I’m sure we’ve all got things wrong, but each of these points are amongst the biggest errors of the century so far.
Another points out the strange misapprehension by the authors of the website of the amount of influence sceptics have had:
I’ve been perusing the site and a couple of things are striking. Firstly, the currently popular charge that dissent is “dangerous” gets an outing as early as the fourth paragraph. Apparently, such ideas could lead to individuals “or entire countries” deciding to take fewer precautions. As several nations actually have taken less rigid measures (with not noticeably worse outcomes) this raises the hitherto unexplored possibility that Alexander Lukashenko wakes up every morning listening to Julia Hartley-Brewer or that Anders Tegnell developed his ideas on epidemiology at the American Institute For Economic Research.
The idea that the people the site seeks to “expose” have been “very prominent and influential during the pandemic” is exactly the kind of misinformation the authors claims it exists to counter. Tragically, lockdown scepticism has barely encroached on our Government’s thinking since the Prime Minister first read Neil Ferguson’s prophecies of doom in March. It may make a tiny amount of sense to say broadcasters in Malmö or Minsk have created a relaxed attitude to the pandemic, but to survey Britain’s landscape of closed pubs, darkened restaurants and broken people and conclude that Whitehall mandarins listen to too much talkRADIO borders on madness.
In reality, the site is little more than an elongated tweet. A primal scream from the entitled “expert” who spends most of their time in quiet fury at the fact that somebody, somewhere does not agree with them. It’s not so much information for the readers as therapy for the writers. One wonders why it even needs to exist given the grip lockdown fanaticism seems to hold on both Government and the alleged opposition. It may be interesting to see how the site’s authors assign blame if figures deteriorate in the coming weeks. You can guarantee they won’t be finding anything wrong with the policy itself.
Finally, one thing did amuse me. The FAQ kindly explains that they have received no funding for the website and it was paid for “out of our own pockets”. Given how cheap it looks, it had never occurred to me that anyone with a PR budget might be behind this. But now that they brought it up, I can’t stop wondering who is really paying the bills! They’d probably say I’m a “funding sceptic”. Or is it “altruism denier”?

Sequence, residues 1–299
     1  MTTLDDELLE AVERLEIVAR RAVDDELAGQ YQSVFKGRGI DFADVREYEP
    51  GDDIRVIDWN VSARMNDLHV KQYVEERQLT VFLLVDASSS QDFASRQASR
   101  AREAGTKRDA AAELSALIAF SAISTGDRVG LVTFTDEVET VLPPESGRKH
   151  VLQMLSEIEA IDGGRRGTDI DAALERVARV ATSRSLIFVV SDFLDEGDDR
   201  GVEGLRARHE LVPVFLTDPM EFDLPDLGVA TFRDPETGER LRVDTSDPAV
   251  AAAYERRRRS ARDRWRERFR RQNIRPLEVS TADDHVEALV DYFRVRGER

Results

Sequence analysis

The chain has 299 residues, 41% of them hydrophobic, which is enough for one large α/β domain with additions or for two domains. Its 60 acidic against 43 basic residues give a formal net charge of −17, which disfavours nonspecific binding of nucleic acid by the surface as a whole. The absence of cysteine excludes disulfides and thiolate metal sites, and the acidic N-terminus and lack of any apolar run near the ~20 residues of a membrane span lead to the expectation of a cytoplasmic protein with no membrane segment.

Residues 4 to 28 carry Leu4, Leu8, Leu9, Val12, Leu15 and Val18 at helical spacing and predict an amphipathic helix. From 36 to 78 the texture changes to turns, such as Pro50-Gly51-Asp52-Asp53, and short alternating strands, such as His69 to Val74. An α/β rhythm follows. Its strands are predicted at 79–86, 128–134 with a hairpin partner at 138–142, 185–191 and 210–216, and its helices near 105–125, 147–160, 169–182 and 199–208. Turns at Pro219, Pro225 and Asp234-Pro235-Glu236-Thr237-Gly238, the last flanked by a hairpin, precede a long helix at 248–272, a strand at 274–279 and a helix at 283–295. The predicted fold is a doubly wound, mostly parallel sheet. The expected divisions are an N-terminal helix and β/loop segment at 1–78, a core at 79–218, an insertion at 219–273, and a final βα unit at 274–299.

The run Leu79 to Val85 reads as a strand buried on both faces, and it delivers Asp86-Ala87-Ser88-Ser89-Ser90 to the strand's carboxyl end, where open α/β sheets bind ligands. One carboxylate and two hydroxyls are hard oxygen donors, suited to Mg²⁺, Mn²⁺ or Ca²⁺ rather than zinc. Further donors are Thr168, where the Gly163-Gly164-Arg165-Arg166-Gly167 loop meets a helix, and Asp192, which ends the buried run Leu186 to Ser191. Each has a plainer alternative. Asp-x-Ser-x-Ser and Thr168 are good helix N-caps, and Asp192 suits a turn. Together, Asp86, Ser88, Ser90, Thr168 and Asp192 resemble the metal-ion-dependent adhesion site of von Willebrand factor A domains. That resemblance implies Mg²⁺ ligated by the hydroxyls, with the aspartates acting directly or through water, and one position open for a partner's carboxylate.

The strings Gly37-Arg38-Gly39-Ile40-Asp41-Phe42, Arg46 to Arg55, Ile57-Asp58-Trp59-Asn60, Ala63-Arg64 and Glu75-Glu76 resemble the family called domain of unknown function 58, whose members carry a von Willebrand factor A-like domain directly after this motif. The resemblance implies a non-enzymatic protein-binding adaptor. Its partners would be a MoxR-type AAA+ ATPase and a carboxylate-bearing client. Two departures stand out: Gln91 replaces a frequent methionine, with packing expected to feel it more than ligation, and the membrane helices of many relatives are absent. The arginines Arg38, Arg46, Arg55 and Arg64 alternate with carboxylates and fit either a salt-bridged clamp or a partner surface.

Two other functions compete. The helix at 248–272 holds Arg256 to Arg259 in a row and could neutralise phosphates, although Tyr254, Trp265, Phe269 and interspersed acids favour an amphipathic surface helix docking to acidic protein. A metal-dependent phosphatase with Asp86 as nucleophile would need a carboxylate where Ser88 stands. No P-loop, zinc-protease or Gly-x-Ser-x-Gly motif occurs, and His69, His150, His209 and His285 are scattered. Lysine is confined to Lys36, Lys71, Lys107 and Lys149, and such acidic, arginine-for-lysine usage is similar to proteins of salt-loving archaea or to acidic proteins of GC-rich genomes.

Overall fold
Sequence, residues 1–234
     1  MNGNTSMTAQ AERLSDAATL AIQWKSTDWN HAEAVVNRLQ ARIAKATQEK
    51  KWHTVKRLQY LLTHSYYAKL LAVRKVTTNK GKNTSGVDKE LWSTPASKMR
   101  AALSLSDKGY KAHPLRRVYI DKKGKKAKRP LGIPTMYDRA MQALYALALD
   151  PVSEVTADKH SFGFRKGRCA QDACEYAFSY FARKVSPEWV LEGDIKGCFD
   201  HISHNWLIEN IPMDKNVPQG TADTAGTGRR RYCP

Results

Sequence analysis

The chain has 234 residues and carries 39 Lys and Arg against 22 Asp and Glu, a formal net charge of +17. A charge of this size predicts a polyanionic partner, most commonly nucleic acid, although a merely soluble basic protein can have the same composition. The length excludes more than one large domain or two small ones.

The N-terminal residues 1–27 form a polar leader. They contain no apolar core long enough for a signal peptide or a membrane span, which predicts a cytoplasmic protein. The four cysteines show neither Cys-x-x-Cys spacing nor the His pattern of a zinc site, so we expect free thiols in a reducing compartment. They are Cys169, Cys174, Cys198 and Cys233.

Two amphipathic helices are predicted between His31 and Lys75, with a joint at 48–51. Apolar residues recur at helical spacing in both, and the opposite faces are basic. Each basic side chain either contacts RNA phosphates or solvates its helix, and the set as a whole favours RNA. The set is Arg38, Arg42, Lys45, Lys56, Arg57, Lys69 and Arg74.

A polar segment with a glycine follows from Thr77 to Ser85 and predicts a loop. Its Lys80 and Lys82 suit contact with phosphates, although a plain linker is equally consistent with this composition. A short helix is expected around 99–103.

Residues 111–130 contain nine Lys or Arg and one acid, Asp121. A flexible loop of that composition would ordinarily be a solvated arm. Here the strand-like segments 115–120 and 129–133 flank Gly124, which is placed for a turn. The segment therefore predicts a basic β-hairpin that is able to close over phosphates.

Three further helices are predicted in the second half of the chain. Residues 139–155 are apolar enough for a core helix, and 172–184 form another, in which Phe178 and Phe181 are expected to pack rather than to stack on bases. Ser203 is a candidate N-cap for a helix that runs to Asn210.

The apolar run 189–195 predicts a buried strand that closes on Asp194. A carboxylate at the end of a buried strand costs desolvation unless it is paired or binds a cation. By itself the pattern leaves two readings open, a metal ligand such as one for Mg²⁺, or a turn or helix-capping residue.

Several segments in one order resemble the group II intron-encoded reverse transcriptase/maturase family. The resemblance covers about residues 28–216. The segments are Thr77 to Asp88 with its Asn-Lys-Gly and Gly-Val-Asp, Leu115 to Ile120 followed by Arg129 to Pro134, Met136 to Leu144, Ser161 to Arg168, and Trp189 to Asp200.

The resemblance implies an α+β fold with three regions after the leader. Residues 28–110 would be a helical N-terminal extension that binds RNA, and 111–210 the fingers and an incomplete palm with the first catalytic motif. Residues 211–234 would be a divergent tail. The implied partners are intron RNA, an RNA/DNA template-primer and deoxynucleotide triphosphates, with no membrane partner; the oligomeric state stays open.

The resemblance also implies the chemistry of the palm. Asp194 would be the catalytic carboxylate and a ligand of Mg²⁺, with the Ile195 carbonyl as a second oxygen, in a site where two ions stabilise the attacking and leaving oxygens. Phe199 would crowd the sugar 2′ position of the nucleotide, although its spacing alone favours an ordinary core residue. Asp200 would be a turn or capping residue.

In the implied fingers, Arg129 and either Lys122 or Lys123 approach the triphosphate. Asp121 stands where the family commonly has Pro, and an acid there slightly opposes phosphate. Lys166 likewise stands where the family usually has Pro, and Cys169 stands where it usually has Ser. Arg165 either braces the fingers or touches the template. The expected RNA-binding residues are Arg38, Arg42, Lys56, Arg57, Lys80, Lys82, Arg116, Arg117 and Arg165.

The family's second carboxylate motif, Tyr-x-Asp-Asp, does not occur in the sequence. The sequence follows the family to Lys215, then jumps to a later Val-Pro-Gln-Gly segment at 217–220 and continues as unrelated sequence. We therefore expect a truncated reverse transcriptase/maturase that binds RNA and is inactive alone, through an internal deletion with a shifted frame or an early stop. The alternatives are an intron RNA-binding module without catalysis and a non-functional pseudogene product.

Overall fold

Another reader points out accusing the sceptics of getting the Infection Fatality Rate wrong is a little hypocritical:
My comment relates to the IFR of COVID-19 and the difficulty of putting an exact figure on it. Imperial College produced this report back in October to which Obersturmbannführer Ferguson was a contributor, which demonstrates the dilemma.
It seems pretty pointless to make an issue about something so vague and mercurial when not even the great man himself can find a definite number. Whichever way you cut the cards, it has an extremely low fatality rate which gets lower all the time as treatments improve.
I’m sure Neil O’Brien et al are avid members of the Ferguson cult so you’d think they’d know this.
This reader points to double standards with peer-reviewed studies:
Looking at the website of Neil O’Brien and co, my first thought was “where to start?” There is so much choice.
I thought I’d begin by having a look at the dying “with Covid” not “of Covid” section:
I looked at point 3: “Covid isn’t just killing people who were otherwise close to death.” I clicked on this link to the University of Glasgow study which O’Brien and his cohorts present as suggesting that people who died of Covid typically had over a decade to live.
The Glasgow study was funded by grants from the Wellcome Trust and Medical Research Council. The study is old, having been published on April 23rd 2020 and it has not been revised since then. The study involves modelling based on standard World Health Organisation life tables. The report was made available for open peer review and has received three reviews. One peer reviewer, based in the US, approved it. The other two reviewers, based in the UK, did not approve it.
One of the UK peer reviewers nails one of the study’s key problems with this comment:
“The YLL (years of life lost) figure just doesn’t seem to sit with observed reality. I realise this is a modelling study, but it would be nice to compare your findings to what we have actually observed. For example, what is the average age of death expected from your model compared to observed COVID age of death?”
And lastly for today (although keep emailing us your criticisms, putting “Antivirus” in the subject line):